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Ascender, Volume 4: Star Seed by Jeff Lemire and Dustin Nguyen (Illustrator)
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Body and Soul Food by Abby Collette and L. Malaika Cooper (Narrator)
Books Can Be Deceiving by Jenn McKinlay and Allyson Ryan (Narrator)
The Cartographers by Peng Shepherd
The Cat Who Saved Books by Sōsuke Natsukawa and Louise Heal Kawai (translator)
Christmas Cookie Murder by Leslie Meier and Karen White (narrator)
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COVID-19 in Three to Five Words by April Murphy
Crowned and Moldering by Kate Carlisle
Death in Four Courses by Lucy Burdette
Digging Up Trouble by Kitt Crowe and Tina Wolstencroft (narrator)
A Fatal Booking by Victoria Gilbert and Suzie Althens (Narrator)
Friends Forever by Shannon Hale and LeUyen Pham (Illustrations)
Gone but Not Furgotten by Cate Conte and Amy Melissa Bentley (Narrator)
Guys and Dolls by Damon Runyon
The Kaiju Preservation Society by John Scalzi
A Little Ferry Tale by Chad Otis
Midnight Blue-Light Special by Seanan McGuire and Emily Bauer (Narrator)
A Murder Yule Regret by Winnie Archer and Emile Durante (Narrator)
A Nancy Drew Christmas by Carolyn Keene
Nightcrawling by Leila Mottley
Noragami: Stray God, Volume 13 by Adachitoka
Okoye to the People by Ibi Zoboi
Sex, Murder and a Double Latte by Kyra Davis and Gabra Zackman (Narrator)
Shikimori's Not Just a Cutie, Volume 1 by Keigo Maki
Spy x Family, Volume 5 by Tatsuya Endo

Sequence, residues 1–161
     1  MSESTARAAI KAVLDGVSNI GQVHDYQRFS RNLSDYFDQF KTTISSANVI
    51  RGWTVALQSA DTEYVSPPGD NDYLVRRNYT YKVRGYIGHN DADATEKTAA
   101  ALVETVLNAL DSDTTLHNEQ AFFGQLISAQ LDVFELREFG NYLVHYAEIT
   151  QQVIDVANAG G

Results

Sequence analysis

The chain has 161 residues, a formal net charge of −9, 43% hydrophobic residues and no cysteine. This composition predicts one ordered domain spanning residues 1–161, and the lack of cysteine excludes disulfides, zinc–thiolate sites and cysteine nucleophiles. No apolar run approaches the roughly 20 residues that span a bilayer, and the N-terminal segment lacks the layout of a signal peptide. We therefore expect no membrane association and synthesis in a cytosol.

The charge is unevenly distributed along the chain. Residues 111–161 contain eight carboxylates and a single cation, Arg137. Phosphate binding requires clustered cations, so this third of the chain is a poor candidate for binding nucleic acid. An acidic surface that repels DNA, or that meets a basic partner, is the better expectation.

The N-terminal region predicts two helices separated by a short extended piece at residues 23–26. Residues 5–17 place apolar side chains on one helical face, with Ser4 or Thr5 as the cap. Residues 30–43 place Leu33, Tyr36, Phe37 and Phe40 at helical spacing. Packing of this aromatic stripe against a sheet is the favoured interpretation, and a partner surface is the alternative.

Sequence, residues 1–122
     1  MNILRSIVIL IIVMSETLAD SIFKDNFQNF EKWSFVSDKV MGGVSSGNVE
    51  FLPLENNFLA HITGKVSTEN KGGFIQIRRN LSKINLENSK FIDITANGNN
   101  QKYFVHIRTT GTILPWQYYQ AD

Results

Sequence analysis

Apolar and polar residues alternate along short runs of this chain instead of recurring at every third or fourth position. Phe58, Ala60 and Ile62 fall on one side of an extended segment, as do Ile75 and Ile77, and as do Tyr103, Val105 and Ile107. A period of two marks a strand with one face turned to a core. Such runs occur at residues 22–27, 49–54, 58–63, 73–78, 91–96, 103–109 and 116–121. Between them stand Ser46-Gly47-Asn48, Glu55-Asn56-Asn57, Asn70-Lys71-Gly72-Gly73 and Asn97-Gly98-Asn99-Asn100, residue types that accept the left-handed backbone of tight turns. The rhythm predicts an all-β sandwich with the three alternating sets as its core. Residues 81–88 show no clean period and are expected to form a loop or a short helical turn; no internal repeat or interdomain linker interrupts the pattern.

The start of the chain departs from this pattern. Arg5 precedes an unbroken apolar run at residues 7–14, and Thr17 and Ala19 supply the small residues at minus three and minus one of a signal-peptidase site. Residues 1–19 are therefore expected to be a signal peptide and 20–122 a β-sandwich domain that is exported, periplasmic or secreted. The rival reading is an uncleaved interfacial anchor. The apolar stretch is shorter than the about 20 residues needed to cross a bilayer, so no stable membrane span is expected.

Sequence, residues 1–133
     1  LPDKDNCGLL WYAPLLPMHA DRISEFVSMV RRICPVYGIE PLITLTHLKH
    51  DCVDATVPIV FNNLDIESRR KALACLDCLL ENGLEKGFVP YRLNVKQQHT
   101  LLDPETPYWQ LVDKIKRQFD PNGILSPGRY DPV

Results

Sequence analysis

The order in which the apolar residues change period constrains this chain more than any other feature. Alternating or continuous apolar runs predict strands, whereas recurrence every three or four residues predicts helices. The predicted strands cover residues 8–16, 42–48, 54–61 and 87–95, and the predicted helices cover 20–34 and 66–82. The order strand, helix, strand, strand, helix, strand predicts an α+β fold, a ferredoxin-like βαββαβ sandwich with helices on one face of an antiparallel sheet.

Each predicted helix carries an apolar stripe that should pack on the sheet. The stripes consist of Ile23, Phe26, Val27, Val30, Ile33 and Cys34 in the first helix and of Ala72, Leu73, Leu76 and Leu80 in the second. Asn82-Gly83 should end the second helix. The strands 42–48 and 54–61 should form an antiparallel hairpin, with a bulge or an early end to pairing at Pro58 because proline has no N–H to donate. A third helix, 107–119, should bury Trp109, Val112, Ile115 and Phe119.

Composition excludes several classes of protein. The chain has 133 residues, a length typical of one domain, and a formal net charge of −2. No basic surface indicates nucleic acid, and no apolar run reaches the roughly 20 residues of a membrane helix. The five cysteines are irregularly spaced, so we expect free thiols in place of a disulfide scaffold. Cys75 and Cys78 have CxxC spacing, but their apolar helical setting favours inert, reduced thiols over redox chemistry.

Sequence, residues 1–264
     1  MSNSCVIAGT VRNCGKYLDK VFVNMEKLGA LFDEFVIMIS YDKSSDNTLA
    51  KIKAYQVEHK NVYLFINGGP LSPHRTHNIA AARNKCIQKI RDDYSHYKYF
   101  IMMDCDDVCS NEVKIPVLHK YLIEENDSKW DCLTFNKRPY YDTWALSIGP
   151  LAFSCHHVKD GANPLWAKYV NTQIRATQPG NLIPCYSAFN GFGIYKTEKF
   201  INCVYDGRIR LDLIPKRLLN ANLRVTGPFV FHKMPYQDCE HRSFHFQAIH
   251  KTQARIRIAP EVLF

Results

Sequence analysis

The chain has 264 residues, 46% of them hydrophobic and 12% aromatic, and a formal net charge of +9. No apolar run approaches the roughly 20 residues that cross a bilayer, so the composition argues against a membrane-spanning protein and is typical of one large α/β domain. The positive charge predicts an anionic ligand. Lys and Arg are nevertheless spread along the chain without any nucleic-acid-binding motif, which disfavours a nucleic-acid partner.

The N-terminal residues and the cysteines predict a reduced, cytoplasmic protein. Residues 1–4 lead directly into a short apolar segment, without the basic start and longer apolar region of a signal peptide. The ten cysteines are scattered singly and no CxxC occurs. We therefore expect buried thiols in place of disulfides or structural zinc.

A Study in Scarlet Women by Sherry Thomas
The Trainbow by Nina Laden

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Nightcrawling: 09/22/22

Nightcrawling

Nightcrawling by Leila Mottley is set in Oakland in the last year of Obama's second term. It's inspired by a 2015 case involving the Oakland PD and other local police departments had tried to cover up their sexual exploitation of a young woman.

Kiara and her brother are trying to hold on to the apartment they used to live in with their parents and baby sister. Now it's just the two of them. Marcus is trying to chase the dream of being a rap star, inspired by an uncle who made it big disappeared from the family. Kiara has given up on high school to look for work. The only thing she can find is sex work. Soon she's got the eye of the OPD who offer her protection from themselves in exchange for sex.

Kiara is a vibrant, three dimensional character. She does what she has to do to survive and to uplift the others she loves.

The book is short and lyrical. It's also blunt and to the point. It paints the neighborhoods of Oakland as its own character. This an Oakland written by someone who knows the city and its strengths and weaknesses.

Kiara's story also sits on the road narrative spectrum. She for her youth, her poverty, her gender, and because she's Black, is a marginalized traveler (66). Her destination — or rather her area of travel — is the city (00). Her route, though, is the cornfield, as the confusing path she takes is compared to the Alameda County corn maze (p. 175) (FF).

Five stars

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